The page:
Of course we cried, but I tried to stay strong for my mother, and I knew my father would want that. My brother and sister were out of state, so them getting there anytime soon was not a possibility. But the Cuban phone chain went into action and one after the other, my cousins, aunts, uncles, friends started showing up to the waiting room.

My papi always taught me about honesty, truth. We were never ones for lies, don’t like liars, they do no serve anything well. So when I kept asking nurses or anyone for answers, they gave me textbook answers, lets wait and see. Of course we prayed for a miracle, but we are also very realistic family, no matter what faith.

Then came our family doctor, who is a straight shooter. I looked at him, he looked at me, and just told me, there is no chance for your father to survive. He was without oxygen for too long. He told me the machines were standard procedure for the next 48 or 72 hours. To me, once I heard his honest answer, I knew anything else was pointless.

It was his time to go. No matter what amount of consoling I got from family and friends, it made no difference, I knew he was gone.

Finally came the time to stop the machines, he kept breathing on his own for some time, but it was just the body, the machine, that was just still ticking, until he stopped.

Of course I was upset, so were the hundreds if not thousands who showed up to his funeral, all saying to me, your father was a great man. The most kind and HONEST man they had ever met.

Knowing this is what keeps me going.

My father never got to see my boys. Alison and I had told him the day before he died that we were pregnant with our first child through in vitro fertilization.
When Alison walked, my dad and I were standing on the porch of his home; I told him they had implanted 3 embryos, that we could possibly be having triplets if all took.
The last thing I ever heard my father say to me was, “Now you are going to know what it’s like to be a father.”

When the casket was going into the ground, I felt a nice breeze come across my arm. I felt at peace, I knew I had to step up to provide a good home for my new family, like my father did, coming to this country from Cuba with nothing except my mom and sister and brother, who were 3 and 5, and had to start all over again with nothing, but his 6th grade education and his skill as a mechanic, and did his best to support his family.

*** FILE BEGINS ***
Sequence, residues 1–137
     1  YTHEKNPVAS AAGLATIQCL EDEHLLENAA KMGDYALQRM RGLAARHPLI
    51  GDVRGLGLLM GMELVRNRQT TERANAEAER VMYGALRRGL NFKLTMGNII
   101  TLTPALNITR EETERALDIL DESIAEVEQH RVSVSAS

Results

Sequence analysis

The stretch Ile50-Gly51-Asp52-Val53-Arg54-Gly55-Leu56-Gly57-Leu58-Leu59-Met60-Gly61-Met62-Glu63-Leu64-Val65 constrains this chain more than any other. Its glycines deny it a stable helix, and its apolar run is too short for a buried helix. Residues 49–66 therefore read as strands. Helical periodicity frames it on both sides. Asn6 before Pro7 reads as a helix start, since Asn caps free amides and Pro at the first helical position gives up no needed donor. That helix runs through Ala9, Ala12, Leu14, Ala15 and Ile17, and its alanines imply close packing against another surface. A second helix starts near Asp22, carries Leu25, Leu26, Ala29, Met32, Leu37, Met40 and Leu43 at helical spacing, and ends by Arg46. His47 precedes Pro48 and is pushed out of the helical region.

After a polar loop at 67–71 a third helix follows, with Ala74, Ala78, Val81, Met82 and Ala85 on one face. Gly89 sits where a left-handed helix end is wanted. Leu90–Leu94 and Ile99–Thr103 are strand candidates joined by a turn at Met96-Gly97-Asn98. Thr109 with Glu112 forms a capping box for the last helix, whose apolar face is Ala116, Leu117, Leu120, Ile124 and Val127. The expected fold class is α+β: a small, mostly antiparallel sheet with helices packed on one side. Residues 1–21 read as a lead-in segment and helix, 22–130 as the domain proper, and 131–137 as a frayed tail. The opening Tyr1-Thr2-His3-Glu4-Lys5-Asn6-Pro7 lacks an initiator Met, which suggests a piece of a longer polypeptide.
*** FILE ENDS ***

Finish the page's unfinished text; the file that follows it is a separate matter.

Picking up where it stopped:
You see, he had to prove himself all over again. At a car dealership, he was given a challenge by the owner, to fix a diesel truck that none of the other guys could get started in the past year. Get it started and he would have a job. 2 days he worked on it alone, him and his tools. Then came a huge roar of the engine, white smoke filling the mechanics bay. When the owner came to see the commotion, my dad walked out of the smoke covered in grease, handed the owner a wrench, and got the job, all with his year’s of experience and his tools of his craft.

So today, in now our second home together, Alison and I have 2 beautiful boys, Carson Ramon and Cameron Alexander who are almost 4 ½ and 3. So every time I hear their voices running around the house, I wish my dad could be here to hear whatever sound they are making.

I know I am making him proud through my hard work and doing my best to be a good father and husband, but more importantly, that I am a man who is respected, honest, and truthful.

Papi, I miss you, but I know you can hear our boys.

My papi was Ramon Baez.

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The Baez Boys Latest Adventures

post written on 03 Feb 10 in Family

As always, love to keep friends and family posted on the latest adventures of our boys Carson and Cameron. With Carson being in preschool, he now has lots of activities. The highlight recently was “snow day” in Miami. Yes, it does snow here, but only if an ice company supplies the snow. The boys also experienced their first bowling outing which they enjoyed, and not one finger was hurt. That same day we went down to the Mexican outdoor market in Homestead. The colors, aroma, and the people were exciting, but it was the miniature horses that kept the boys busy and bouncing, especially Carson’s hair, in the video below. Lastly, Carson had a bikeathon at his school which Cameron also participated in, to help raise funds for St. Jude. Cameron pretty much will do anything his brother does, but on a smaller scale. The great thing about my career is the time it allows me to spend with my family, I wouldn’t trade it for anything.

Untitled from CARLOS BAEZ on Vimeo.